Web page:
EC Uh Oh, The Dollar Has Caught A Bid

Anyone who follows Alhambra knows that we keep an eye on the dollar. It is a very important part of our process of identifying the economic environment. A rising dollar, when combined with a falling rate of growth, can be a lethal combination. That was the situation in March and of course during the financial crisis of 2008. So the recent rally is something that has got our attention. For now, though, we don’t see any significant stresses in the system that would produce that kind of liquidity driven event.

The dollar has been in a short term downtrend since the spike and peak in the heart of the COVID panic back in March. The vast majority of that decline was compressed in a roughly 2 1/2 month period starting in mid-May and ending in early August. But that decline has done nothing to change the long term trajectory of the dollar. The trend has been relentlessly higher since 2014 no matter what dollar index you prefer. From July 2014 to the peak on March 23 this year the broad trade weighted dollar index (not the DXY) rose 35.5% while the trade weighted EM dollar index rose 41.5%. More important was the rapid squeeze higher during the onset of the COVID shutdowns. From mid-February to the peak in March the broad dollar index rose 8.5% and the EM index rose 12%.

The spike in the dollar in February and March has largely been reversed with the recent weakness. But as I’ve said over the last few months as we’ve observed this move, the strong dollar environment is still largely intact. The broad dollar index is today at about the same level as the beginning of 2016. It has been both higher and lower during that time but where we are today is about 24% higher than where we were in mid-2014. The EM index is about 30% higher. That is, by anyone’s definition, a strong dollar.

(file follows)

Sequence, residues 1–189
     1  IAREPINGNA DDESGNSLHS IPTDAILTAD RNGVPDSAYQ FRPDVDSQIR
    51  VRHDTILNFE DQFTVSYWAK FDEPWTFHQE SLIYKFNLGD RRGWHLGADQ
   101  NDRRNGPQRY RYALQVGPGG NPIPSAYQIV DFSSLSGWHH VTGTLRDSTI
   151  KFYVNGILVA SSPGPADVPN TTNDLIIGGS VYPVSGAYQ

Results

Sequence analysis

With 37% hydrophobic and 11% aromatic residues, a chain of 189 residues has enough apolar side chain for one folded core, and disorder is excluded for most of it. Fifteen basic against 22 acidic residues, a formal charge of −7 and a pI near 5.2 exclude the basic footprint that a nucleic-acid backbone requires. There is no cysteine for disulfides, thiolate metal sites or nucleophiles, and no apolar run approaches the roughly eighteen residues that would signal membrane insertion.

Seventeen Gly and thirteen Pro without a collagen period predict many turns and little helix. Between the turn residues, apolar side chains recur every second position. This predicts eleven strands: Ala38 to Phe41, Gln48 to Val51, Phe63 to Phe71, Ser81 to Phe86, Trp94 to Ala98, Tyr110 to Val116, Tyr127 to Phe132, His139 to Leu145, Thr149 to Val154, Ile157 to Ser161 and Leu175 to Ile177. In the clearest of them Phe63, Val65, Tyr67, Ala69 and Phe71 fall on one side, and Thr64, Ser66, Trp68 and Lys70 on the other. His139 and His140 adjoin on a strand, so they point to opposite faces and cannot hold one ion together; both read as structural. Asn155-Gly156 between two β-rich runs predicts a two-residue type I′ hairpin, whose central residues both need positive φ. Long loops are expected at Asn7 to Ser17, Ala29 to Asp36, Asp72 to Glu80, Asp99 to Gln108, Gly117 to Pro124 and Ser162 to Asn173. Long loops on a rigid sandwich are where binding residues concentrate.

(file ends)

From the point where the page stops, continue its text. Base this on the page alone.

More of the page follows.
The recent dollar rally is minor in comparison to the spike in March. The broad index is up about 2.5% from the lows while the EM index is up 3%. It has also been a more gradual rise than what we saw in March. This does not appear, at least at present, to be anything more than a correction of the short term trend. The dollar was oversold and the short dollar trade was crowded. A correction was inevitable and I warned about it in the Market Monitor earlier this month:

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Disclosure: This material has been distributed for informational purposes only. It is the opinion of the author and should not be considered as investment advice or a recommendation of any ...

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